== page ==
> Siobahn Coccorran – Oracle – The Impact Of Direct Sourcing
> Jonathan Campbell – SocialTalent/ Bill Boorman – @BillBoorman – Social Sourcing
> TBC – Mobile Impact
I will also be acting as ring-leader/sheep hearder/community DJ for the tracks, as well as working with Kevin to look at how we can run a blog squad, twitter reporters, livestream etc to socialise the event for an audience outside the room. A trade body should after all be a voice for everybody and not just the members.
With the level of participants I think the content will be ground breaking, and a welcome diversion to the delegates who will have been spending a day and a half essentially listening. The event is at The Landmark Hotel in Central London. If you’re in the UK, CIETT is a genuinely global event, that aside from #tru (of course), will be by far the biggest recruiting event in Europe this year. Take the opportunity to get along, and bravo to Kevin for wanting to do something different
Green joined the REC in June 2008, and has led the organisation through a significant restructure, against a background of significant period of legal change including the Agency Workers Regulation, and the recession, which has had a devastating effect on many of the members, who have been increasingly turning to the REC for support and help. They are the leading lobbying organisation on recruitment matters, trainers, regulators and ombudsmen, among plenty of other things, as well as being the recognized spokesmen for the industry. Green has to have his eye on a lot of different conversations, with an opinion on most things, so he will be right at home on Twitter.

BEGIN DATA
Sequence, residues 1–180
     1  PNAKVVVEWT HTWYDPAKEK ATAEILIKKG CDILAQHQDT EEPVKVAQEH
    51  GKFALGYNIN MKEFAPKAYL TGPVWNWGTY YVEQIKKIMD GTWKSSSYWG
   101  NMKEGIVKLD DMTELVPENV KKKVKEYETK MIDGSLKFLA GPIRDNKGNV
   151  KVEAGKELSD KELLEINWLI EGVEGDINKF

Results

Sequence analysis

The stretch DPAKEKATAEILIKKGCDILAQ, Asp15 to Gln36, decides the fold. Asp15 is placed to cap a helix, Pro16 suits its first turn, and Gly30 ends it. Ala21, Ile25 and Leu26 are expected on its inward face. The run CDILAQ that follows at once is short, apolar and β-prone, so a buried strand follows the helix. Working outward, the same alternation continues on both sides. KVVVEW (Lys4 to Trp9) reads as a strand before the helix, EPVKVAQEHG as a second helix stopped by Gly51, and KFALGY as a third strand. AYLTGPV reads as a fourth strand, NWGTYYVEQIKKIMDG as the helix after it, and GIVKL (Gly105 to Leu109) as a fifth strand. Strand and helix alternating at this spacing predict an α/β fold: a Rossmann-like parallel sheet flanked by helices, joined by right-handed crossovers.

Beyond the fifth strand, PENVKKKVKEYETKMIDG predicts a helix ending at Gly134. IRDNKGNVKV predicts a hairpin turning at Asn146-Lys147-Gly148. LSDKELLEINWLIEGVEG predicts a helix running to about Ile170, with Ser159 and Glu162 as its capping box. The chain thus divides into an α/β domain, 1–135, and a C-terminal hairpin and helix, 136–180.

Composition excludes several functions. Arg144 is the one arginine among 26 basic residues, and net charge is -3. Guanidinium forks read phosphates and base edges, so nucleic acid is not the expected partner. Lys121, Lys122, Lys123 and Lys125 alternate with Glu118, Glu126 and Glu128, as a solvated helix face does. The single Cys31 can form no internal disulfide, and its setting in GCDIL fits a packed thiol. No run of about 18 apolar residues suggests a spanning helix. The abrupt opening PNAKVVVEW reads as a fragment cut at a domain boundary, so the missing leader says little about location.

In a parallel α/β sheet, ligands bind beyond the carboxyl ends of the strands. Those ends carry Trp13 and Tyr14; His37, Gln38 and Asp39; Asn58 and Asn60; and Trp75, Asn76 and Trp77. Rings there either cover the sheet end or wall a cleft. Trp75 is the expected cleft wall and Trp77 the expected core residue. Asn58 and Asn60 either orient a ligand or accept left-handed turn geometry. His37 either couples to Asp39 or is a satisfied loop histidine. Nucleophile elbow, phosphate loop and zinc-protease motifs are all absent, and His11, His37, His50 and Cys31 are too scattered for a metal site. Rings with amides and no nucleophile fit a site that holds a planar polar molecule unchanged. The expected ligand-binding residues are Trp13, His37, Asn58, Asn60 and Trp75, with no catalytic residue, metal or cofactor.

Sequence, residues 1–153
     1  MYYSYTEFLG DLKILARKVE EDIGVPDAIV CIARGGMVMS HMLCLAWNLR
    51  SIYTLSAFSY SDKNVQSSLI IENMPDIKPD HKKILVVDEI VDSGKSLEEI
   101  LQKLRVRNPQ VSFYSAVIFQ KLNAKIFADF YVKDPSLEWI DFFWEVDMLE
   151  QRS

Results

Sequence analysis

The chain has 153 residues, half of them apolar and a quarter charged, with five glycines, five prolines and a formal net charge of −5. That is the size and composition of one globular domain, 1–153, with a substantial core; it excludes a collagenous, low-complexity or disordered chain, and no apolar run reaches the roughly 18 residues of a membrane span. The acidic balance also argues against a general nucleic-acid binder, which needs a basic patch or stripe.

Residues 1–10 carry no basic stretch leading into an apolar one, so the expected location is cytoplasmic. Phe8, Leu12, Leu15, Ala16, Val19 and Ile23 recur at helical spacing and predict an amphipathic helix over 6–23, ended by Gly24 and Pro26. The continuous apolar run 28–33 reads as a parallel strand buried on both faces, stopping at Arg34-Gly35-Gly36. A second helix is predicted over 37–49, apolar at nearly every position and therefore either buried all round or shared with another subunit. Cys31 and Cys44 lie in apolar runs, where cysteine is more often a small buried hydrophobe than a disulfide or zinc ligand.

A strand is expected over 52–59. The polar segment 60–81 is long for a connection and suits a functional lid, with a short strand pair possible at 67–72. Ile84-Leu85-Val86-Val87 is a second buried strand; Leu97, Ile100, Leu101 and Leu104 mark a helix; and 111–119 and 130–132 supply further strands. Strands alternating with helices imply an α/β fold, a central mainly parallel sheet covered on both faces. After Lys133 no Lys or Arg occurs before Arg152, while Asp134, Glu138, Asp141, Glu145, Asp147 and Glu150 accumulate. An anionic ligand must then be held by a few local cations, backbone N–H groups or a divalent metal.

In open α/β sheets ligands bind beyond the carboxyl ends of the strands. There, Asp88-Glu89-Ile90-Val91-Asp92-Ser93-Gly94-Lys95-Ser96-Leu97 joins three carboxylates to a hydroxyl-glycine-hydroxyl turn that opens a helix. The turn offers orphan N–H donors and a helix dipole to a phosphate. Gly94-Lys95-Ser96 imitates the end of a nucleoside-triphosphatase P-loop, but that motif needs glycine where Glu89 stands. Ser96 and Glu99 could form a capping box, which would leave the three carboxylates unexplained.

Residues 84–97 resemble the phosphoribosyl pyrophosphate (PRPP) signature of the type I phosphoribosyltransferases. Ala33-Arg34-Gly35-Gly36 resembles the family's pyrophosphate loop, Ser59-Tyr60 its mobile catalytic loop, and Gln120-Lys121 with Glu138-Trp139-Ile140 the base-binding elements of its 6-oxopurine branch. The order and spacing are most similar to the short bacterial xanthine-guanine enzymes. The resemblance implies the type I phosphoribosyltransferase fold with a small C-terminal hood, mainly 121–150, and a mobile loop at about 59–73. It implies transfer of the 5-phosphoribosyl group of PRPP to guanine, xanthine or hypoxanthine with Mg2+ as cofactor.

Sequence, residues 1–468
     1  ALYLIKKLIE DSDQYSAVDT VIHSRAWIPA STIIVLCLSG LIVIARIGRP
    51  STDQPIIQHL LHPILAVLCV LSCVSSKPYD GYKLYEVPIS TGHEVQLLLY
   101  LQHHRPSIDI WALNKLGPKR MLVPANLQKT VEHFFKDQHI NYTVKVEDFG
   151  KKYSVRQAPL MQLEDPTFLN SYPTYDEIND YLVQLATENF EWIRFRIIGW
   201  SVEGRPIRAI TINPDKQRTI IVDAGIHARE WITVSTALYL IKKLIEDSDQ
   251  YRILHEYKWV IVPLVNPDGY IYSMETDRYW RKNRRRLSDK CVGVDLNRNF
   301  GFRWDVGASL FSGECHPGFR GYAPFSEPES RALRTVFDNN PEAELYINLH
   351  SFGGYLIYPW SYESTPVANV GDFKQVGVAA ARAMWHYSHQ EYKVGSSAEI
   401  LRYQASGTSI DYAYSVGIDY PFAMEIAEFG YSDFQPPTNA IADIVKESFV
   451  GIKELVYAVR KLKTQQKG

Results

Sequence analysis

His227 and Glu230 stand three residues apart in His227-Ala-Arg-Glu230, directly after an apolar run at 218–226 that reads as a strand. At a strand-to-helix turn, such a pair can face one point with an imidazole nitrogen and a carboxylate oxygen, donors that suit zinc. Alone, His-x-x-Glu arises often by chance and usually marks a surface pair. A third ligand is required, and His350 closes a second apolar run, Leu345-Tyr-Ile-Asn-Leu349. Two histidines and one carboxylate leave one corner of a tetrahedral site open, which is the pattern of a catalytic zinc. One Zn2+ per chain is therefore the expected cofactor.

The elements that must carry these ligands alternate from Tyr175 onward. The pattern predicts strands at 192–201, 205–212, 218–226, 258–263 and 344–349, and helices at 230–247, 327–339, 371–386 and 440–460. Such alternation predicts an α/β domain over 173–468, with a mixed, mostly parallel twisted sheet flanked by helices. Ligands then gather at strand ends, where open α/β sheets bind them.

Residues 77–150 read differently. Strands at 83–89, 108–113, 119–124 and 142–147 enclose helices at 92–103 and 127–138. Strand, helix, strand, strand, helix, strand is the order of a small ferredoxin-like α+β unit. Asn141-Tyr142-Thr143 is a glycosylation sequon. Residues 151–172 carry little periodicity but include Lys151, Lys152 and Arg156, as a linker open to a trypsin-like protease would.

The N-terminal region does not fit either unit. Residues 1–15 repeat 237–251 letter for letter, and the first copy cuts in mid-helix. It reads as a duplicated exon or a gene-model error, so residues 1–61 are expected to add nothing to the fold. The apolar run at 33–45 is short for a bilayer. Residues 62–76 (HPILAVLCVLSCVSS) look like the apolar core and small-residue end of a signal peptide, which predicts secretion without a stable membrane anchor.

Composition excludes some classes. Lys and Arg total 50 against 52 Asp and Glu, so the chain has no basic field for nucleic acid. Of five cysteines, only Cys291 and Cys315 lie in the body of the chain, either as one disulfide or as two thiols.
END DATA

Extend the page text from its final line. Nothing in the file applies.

Green is no stranger to change. Before becoming CEO at the REC, he was HR Director for Royal Mail letters, who he joined in 2003, and was part of the management team who transformed the business from losing £1mn a day to £600Mn profit.
Prior to this he was MD of strategic HR Consultancy QTab, who had an enviable client base, which brought him to the attention of Royal Mail. I remember when Green was appointed by the REC, it raised a few eyebrows given that he came from the corporate HR sector rather than the Agency sector. From when I first met him after his appointment, it was clear that he was not afraid of change, and wanted to listen to what the industry really wanted. Members were questioning what they were getting from their trade body, and change was needed. The formation of APSCO also had the impact of splitting the membership base. Change was needed, and Green brought that change.
Hats off to Kevin for getting social. Please go and follow him and share your views and thoughts wherever you are, and follow the other members of the REC who have started tweeting. They need all of our encouragment on the journey to being the social voice of the industry, and I hope you can join us at CIETT.